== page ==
Committee In Solidarity with the People of El Salvador

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The Committee In Solidarity with the People of El Salvador (CISPES)

Friend of the New American Movement

In 1981, the San Diego branch of the Committee In Solidarity with the People of El Salvador was listed as a friend of the New American Movement. They commented,

Warmest thanks for NAM's whole-hearted support of the people's struggle in El Salvador.[1]

CISPES plans U.S. tour for FMLN representatives

A small article in the CPUSA newspaper People's Weekly World (PWW), Feb. 16, 1991, Page 2,was entitled "CISPES plans U.S. tour of FMLN representatives." The FMLN aka the Farabundo Marti Liberacion Frente was the military arm of the marxist-led guerrilla movement that was trying to overthrow the government of El Salvador.

These representatives, Ramos Cardona and Arnoldo Ramos were to tour the U.S. in March 1991 "under the auspices of the Committee in Solidarity with the People of El Salvador (CISPES). CISPES has been identified in both congressional hearings and U.S. Embassy cables from El Salvador, as well as private research group publications, as a joint propaganda operation of the Communist Party USA (CPUSA) and the Communist Party of El Salvador, the latter led by the marxist Handal brothers, Shafik Handal and Farid Handal[2].

Members of NACLA and IPS also played a major role in the creation of and support of CISPES, along with that of U.S. Representative Ronald Dellums (D-CA).

According to the article, Cardona and Ramos "will speak about links between the Gulf war and the U.S. war in Central America, and will discuss the Bush administration's key objective in the Middle East: to establish itself as the dominant force in the new world order. They will report on the latest developments of the 11-year war in El Salvador."

The contacts within CISPES for this tour included:

Solidarity with Sept. 24 FBI Raid Activists

The Committee to Stop FBI Repression lists Committee In Solidarity with the People of El Salvador as one of the organizations that has issued a statement of solidarity in support of the activists raided in the September 24, 2010 FBI Raids.[3]

16th National Convention

CISPES held its 16th national convention August near Los Angeles, and to open the event to the wider community it hosted a Friday evening (Aug. 11) gathering headlined “Beyond Trump: Resistance from Los Angeles to El Salvador.”

Welcoming the crowd of about 80 were Xochitl Sanchez of the L.A. chapter of CISPES, and Fidel Sanchez, singer, who dedicated one of his numbers to martyr Oscar Romero. Alexis Stoumbelis, organizational coordinator of CISPES, spoke of the organization as a “grassroots struggle to change this country.” Chairing the session was Angela Sanbrano, executive director of Carecen, a significant immigrant aid group for Latinx in L.A. “The big difference between our first convention and now,” she said, “is that FMLN es gobierno—the FMLN is now the government.”

The first presenter was Gabi Murillo, who recounted her harrowing journey as a young transgender youth in El Salvador all the way to forced self-deportation and arrival in the U.S., which greeted her with months in an austere detention facility. “I came to the U.S.,” she said, “not to become North American but to save my life.”

Three keynote speakers outlined some of the challenges ahead.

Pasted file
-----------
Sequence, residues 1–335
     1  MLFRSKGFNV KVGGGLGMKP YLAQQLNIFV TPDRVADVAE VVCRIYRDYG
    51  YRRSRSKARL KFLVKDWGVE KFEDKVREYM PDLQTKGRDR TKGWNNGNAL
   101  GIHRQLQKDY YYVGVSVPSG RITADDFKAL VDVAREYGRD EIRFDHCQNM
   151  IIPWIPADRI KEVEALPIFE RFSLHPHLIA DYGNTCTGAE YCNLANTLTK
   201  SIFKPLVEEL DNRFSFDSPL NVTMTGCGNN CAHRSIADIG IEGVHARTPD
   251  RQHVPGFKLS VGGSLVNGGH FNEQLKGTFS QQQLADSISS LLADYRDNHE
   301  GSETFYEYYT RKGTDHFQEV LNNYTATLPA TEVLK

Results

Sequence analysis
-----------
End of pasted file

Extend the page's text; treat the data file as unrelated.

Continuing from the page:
Ron Gochez is active with the Union del Barrio in L.A. He is an American-born community organizer of Salvadoran and Mexican parentage. He pointed to success at passing a law in California disallowing the practice of police impounding vehicles from undocumented drivers, amounting to a wholesale $21 million theft of property in L.A. and some $40 million in the state. The next campaign is to legalize the work of street vendors who support themselves in modest open-air commerce and provide a service to their clients. He also pointed out that while Mexico gets attention for refusing to “pay for the wall” on its northern border with the U.S., it is working with U.S. funding to build a similar wall on its southern border to wall off immigrants from Central America.

Roger Blandino Merio is a deputy of FMLN in El Salvador. He highlighted the persistent press of the right to contain and roll back any social progress the FMLN government achieves. The battle of ideas is intensifying: The corporate media, including some 80 TV channels, are all on the same page promoting the same anti-government and anti-progressive messaging. The U.S. is trying to “reconquer imperialist hegemony in Latin America.”

The final guest speaker was Claudia Liduvina Escobar, a Las Febes union organizer. Las Febes is the Association of Women Unionists named for Febe Elizabeth Velasquez, and focuses on improving the lives of working women and bringing a feminist perspective to the labor movement. This women-led group provides support and training for women in domestic work, maquiladoras, and sex workers who want to join a union. Already, under the FMLN, women workers have upgraded the conditions of their largely precarious employment to set hours and wages, vacations, and social security. The FMLN government has opened up these possibilities in ways the former right-wing governments never would. “Only unity allows us to advance,” Escobar said. “We cannot allow the right wing to return to power. They would wipe out all our advances and victories.”[4]



  1. 10th Anniversary Booklet for the New American Movement, 1981
  2. Second Front: Advancing Latin American Revolution in Washington, Studies in Organization Trends #1, S. Steven Powell, Capital Research Center, 1986 and his book "Covert Cadre: Inside the Institute for Policy Studies, Green Hill, 1987
  3. Committee to Stop FBI Repression: Solidarity Statements (accessed on Oct. 6, 2010)
  4. PW CISPES keeps solidarity with Salvadoran people’s movement alive in U.S. August 17, 2017 9:18 AM CDT BY ERIC A. GORDON